Factor Investing

Quant Strategies: Will Returns Seen in Research Be Achieved?

Hype and Results:

The following paragraphs, as it relates to quant strategies performance was initially published by the CAIA Association’s AllAboutAlpha blog (link) and further added to by Factor Research.

Before we get into CAIA’s research, let’s take a look at the plethora of these algorithmic strategies that are offered by the primary player among factor investing quant asset managers, AQR.

When marketing a quant strategy with a backtested history, the constant reaction from potential investors is that they have never observed a poor performing backtest. This is valid. There is no reason for presenting a strategy with a poor backtest as investors have zero enthusiasm for losing money. They additionally will not pursue theory but reality, aka actual strategy returns.

Most quantitative managers have a scientific education and are probably not going to advocate a discretionary approach. Given that most active fund managers have failed to beat their benchmarks over the short-, medium-and long haul. Backtesting ought to be respected critically, even though it’s dependant on the type of backtesting. The more unpredictable and creative a methodology is, the warier a potential investor ought to be.

The returns of plain-vanilla algo methodologies, as found in factor investing research, ought to be attainable. We will differentiate between accessible factor returns and examine if investors had the option to capture the gains.

The Dark Side of Backtesting:

A research analysis broke down the backtested and live excess returns of 215 these strategies supported by fifteen banks between 2005 and 2015. The study covered strategies from equities, fixed income, currencies, commodities, and multi-assets. The examination shows a noteworthy contrast between the in-sample and out-of-sample returns. No technique was found to perform reliably. All strategies create inherently lower returns once live. The fact is that the strategies are either the aftereffect of data mining or are affected adversely by trading and market liquidity costs that were not anticipated.

The difference between backtested and live returns can easily be seen in equity strategies, which may manage a large number of stocks versus just a few commodities or currencies. The authors presume that all backtested returns require a discount, which ought to correspond to the complexity of the approach.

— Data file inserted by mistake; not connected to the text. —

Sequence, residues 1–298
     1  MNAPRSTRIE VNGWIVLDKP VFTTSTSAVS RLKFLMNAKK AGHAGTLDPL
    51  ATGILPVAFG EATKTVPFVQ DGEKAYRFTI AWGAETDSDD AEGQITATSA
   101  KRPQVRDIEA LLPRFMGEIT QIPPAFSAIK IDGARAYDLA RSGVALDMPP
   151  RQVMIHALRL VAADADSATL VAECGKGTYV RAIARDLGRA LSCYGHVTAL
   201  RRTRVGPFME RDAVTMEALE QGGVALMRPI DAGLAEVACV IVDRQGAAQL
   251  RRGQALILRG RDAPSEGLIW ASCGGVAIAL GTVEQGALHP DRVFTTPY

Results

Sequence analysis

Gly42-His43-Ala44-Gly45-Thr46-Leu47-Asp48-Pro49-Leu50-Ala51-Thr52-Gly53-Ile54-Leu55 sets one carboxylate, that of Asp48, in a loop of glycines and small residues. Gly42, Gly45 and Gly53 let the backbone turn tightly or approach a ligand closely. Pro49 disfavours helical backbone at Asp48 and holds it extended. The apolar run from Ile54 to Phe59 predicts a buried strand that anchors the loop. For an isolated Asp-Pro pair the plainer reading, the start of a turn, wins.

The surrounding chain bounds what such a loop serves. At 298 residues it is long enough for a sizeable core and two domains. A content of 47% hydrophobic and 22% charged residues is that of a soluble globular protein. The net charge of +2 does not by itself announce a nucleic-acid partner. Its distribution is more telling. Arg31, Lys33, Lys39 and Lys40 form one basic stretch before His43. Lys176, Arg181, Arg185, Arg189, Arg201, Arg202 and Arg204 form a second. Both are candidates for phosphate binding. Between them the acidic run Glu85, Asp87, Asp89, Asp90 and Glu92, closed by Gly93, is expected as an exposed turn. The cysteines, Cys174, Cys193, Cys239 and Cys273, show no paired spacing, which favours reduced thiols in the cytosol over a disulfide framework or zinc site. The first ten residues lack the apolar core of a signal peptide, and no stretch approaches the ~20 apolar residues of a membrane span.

Looking at Factor Investing Return Data:

The measure of factor investing writing keeps on developing, and a significant piece of that depends on the freely accessible factor returns that come from the Fama French dataset. The information isn’t utilized for just featuring positive returns coming from factors like value or momentum when advertising performance. It also is used for clarifying the returns of active managers using factor analysis. Notwithstanding, returns can be challenged. Various reasons explain the distinction in performance.

Data source: The universe of stocks and information quality rely upon the supplier of price and necessary information, which may be different for CRSP, Bloomberg, Factset, or S&P Capital IQ.

Market cap limitations: Fama-French data and fund managers have no market cap confinements. At the same time, FactorResearch rejects all stocks with a market cap underneath $1 billion.

Value definition: Fama-French characterizes Value utilizing price-to-book. At the same time, FactorResearch uses a blend of price-to-book and price-to-earnings multiple.

Trading costs: Fama-French expects zero exchange costs while FactorResearch incorporates ten basis points per transaction. Portfolio development: Rebalancing recurrence, dollar versus beta-neutrality, time lags for fundamentals, and portfolio size is further purposes of differentiation.

It is, to some degree, astonishing that the patterns in performance were not increasingly heterogeneous. The strength of factor performance is alluring from a backtesting standpoint.

As a subsequent contextual analysis for contrasting backtesting information, the Momentum factor was examined. The Fama-French and fund manager, AQR, performance show a practically indistinguishable difference, as opposed to lower returns from FactorResearch.

The two explanations behind the lower return of the Momentum factor, as determined by FactorResearch, are likely the market cap levels and trading costs. Fama-French and AQR do not consider these two. The Momentum factor has high turnover and trading costs that have an altogether negative effect on returns.

Conclusion:

Given the vast differences between the backtested and live execution of quant strategies, investors ought to be wary of alluring returns from factor investing. Luckily, asset managers have developed long-short strategies that give long-short factor analysis and present investors with hypothetical and realized gains.

We can likewise think about the acknowledged returns of smart beta ETFs to their hypothetical returns, which feature that smart beta ETFs had lower returns than the theoretical benchmark, yet can be clarified by the absence of the management expenses for the hypothetical portfolios. Smart beta ETFs that are producing performance like the hypothetical portfolios are in-line with expectations.

Fortunately, returns found in factor investing literature can be captured by investors through liquid alternative and smart beta mutual funds. The bad news is that factor investing has not produced attractive returns in recent years.

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